Dig deeper, though, and that’s where The Manifesto on How to be Interesting really gets … well … interesting. Bourne is here to remind us that all those stock characters in the books and movies like this one are actually, when you dig down, real people. Bree’s mom isn’t aloof—she’s confused and conflicted about her daughter’s teenage reticence to bond, and until Bree asks her to go shopping, has no idea how to talk to her daughter. Jassmine, Jessica, Gemma, and Emily aren’t plastic bitch-queens-in-training: they’re girls Bree’s own age, just as human and damaged as she is, just coping with it differently.
The best and rawest moments of this book are when Bree has a heart-to-heart with the least likely of people. For example, when she and Jassmine are preparing for a party, and the latter discovers Bree’s cut marks on her thighs, Jassmine confesses to her own type of self-harm. It’s a significant, genuine moment undercut by the dramatic irony of Bree deceiving Jassmine when it comes to the reasons behind their newfound friendship. Bourne has a knack for depicting teenagers’ behaviours in interesting, dynamic, and accurate ways. From the interactions among the girls to the posturing of Hugo or the actual meanness beneath his exterior, Bourne shows us the myriad ways in which teenagers are constantly re-evaluating their relationships with one another.
As a high school teacher myself, I have to confess I found the relationship between Bree and Mr. Fellows difficult to read at the best of times. This is not a criticism of Bourne for including it; she definitely portrays it the way it should be portrayed. I just hate subplots involving teacher–student relationships … I kept yelling at the book as I watched these two characters orbit each other, Bree enjoying the attention, Fellows acting like a creepy, skeevy man who shouldn’t be allowed near children.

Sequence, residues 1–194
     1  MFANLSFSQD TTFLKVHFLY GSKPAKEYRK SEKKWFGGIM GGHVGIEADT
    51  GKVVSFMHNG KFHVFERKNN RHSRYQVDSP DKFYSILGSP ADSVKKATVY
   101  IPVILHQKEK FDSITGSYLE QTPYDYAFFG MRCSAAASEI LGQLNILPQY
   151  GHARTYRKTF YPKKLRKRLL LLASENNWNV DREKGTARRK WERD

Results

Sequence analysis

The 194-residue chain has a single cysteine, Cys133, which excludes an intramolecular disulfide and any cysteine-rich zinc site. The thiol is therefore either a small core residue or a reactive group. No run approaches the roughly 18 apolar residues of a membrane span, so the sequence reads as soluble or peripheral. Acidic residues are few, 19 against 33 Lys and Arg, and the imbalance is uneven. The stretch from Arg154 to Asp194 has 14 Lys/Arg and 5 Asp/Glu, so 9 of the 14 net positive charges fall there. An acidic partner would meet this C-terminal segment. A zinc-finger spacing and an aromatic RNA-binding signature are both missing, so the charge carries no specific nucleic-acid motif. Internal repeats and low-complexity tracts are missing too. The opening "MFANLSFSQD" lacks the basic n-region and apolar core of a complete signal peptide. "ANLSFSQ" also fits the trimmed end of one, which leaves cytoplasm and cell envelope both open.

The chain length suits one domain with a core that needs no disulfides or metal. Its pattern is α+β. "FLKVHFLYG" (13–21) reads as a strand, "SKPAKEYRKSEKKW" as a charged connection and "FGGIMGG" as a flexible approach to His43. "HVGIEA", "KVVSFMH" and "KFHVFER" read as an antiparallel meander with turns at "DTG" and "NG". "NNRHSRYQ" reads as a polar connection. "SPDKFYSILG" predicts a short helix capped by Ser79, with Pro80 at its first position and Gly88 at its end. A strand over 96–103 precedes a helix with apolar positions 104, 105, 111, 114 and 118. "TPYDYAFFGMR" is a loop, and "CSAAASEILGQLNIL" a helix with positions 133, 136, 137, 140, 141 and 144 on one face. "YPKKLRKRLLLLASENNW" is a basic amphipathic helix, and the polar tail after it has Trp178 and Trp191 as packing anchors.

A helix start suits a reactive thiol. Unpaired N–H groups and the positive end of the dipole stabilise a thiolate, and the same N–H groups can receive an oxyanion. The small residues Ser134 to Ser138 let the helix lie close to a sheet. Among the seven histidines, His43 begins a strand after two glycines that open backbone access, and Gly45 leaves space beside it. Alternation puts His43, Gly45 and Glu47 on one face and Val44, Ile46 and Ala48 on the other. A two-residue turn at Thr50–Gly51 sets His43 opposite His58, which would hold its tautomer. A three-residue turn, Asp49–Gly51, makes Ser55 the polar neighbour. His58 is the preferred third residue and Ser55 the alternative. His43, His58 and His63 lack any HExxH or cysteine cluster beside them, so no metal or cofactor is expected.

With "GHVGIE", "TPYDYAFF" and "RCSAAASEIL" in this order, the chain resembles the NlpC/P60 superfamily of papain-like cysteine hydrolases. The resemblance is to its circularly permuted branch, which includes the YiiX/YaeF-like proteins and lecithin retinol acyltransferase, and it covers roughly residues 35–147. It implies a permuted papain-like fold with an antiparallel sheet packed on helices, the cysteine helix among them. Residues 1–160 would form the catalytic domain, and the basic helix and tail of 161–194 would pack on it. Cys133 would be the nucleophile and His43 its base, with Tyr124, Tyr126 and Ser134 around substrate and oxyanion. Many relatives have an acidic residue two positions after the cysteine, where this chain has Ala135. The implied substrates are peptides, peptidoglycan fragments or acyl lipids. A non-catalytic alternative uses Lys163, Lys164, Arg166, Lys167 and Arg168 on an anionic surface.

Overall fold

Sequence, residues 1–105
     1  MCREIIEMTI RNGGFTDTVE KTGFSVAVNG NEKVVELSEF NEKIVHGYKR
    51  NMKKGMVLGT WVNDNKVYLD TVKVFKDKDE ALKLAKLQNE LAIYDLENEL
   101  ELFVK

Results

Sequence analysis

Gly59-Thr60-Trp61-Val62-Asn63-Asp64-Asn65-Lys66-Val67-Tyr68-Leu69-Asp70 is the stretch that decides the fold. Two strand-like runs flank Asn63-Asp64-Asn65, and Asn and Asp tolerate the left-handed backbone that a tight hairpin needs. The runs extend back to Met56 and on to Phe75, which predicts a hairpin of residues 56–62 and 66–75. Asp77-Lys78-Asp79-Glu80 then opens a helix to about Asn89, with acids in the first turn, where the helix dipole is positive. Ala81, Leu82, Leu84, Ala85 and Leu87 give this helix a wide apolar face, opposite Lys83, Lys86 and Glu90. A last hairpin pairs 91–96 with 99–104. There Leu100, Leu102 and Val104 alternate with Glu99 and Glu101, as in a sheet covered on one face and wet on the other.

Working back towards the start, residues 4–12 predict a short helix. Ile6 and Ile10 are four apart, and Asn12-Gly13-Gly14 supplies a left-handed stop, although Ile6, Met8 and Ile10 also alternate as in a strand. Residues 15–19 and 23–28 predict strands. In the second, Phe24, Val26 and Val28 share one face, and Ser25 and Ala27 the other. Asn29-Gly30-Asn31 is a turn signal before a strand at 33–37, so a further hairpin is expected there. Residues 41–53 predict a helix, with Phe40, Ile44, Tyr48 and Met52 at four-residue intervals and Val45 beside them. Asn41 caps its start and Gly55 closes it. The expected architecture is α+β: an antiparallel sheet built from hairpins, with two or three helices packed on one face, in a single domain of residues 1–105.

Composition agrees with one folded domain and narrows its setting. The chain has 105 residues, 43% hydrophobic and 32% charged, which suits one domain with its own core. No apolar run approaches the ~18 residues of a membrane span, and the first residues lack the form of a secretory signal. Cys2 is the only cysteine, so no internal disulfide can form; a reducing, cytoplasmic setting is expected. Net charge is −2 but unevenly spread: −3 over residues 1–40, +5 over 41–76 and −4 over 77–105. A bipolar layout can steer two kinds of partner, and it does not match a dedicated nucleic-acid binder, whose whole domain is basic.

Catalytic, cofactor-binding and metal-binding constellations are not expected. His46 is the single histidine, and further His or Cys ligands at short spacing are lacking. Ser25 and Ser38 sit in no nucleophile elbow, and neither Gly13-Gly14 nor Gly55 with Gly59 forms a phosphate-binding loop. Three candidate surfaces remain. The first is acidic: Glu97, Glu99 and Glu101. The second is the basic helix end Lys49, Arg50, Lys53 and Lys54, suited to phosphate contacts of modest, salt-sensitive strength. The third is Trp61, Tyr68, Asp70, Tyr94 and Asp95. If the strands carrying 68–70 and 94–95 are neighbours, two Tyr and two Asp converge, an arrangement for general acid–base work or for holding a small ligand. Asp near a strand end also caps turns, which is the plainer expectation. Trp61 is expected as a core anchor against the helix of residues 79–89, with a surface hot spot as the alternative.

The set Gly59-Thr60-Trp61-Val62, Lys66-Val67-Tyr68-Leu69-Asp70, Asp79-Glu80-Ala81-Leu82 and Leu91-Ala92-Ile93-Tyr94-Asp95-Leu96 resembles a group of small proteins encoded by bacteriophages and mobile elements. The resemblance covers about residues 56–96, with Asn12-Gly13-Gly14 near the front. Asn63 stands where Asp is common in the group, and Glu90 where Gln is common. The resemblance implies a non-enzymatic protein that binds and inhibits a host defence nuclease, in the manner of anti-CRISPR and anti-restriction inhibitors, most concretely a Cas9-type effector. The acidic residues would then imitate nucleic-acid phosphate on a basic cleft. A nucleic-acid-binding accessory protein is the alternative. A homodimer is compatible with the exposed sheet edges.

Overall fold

And then we reach the climax and what, as I’m coming to realize, is Bourne’s hallmark: everything goes pear-shaped. In this particular case, Bree reaches a point where the only recourse seems to be to begin cutting again, and she takes it too far and nearly kills herself. She doesn’t, though, of course, because this is not that kind of book. She wakes up in a hospital, under careful watch—and her parents and her live happily-ever-after, and everything is fine. Except it isn’t, because this is not that kind of book either.
No, this is the brilliance of Bourne and the reason I keep reading her books: she finds a middle way. She finds this hopeful path through the dark forest, and it feels very true. Bree is not automatically going to be All Right now that she has had her crisis moment. Nor is she totally lost. There is a darkness in The Manifesto on How to be Interesting, but there is also so much compassion and empathy. There is a message reminding us that even in those moments of absolute loss, there is still hope. But we have to fight for it. And when we are too weak or tired of fighting, we have to be willing to let those who care about us in, so they can fight on our behalf.
At over 400 pages, this is a pretty long book. But it moves so fast, and it is so fascinating, and it is so good, that you will probably inhale it like I did. The Manifesto on How to be Interesting is just another example of why I love Bourne’s work and will keep picking up her stuff, hopefully for years to come.
Oh, and pat on the back for making it through this entire review without a Mean Girls comparison!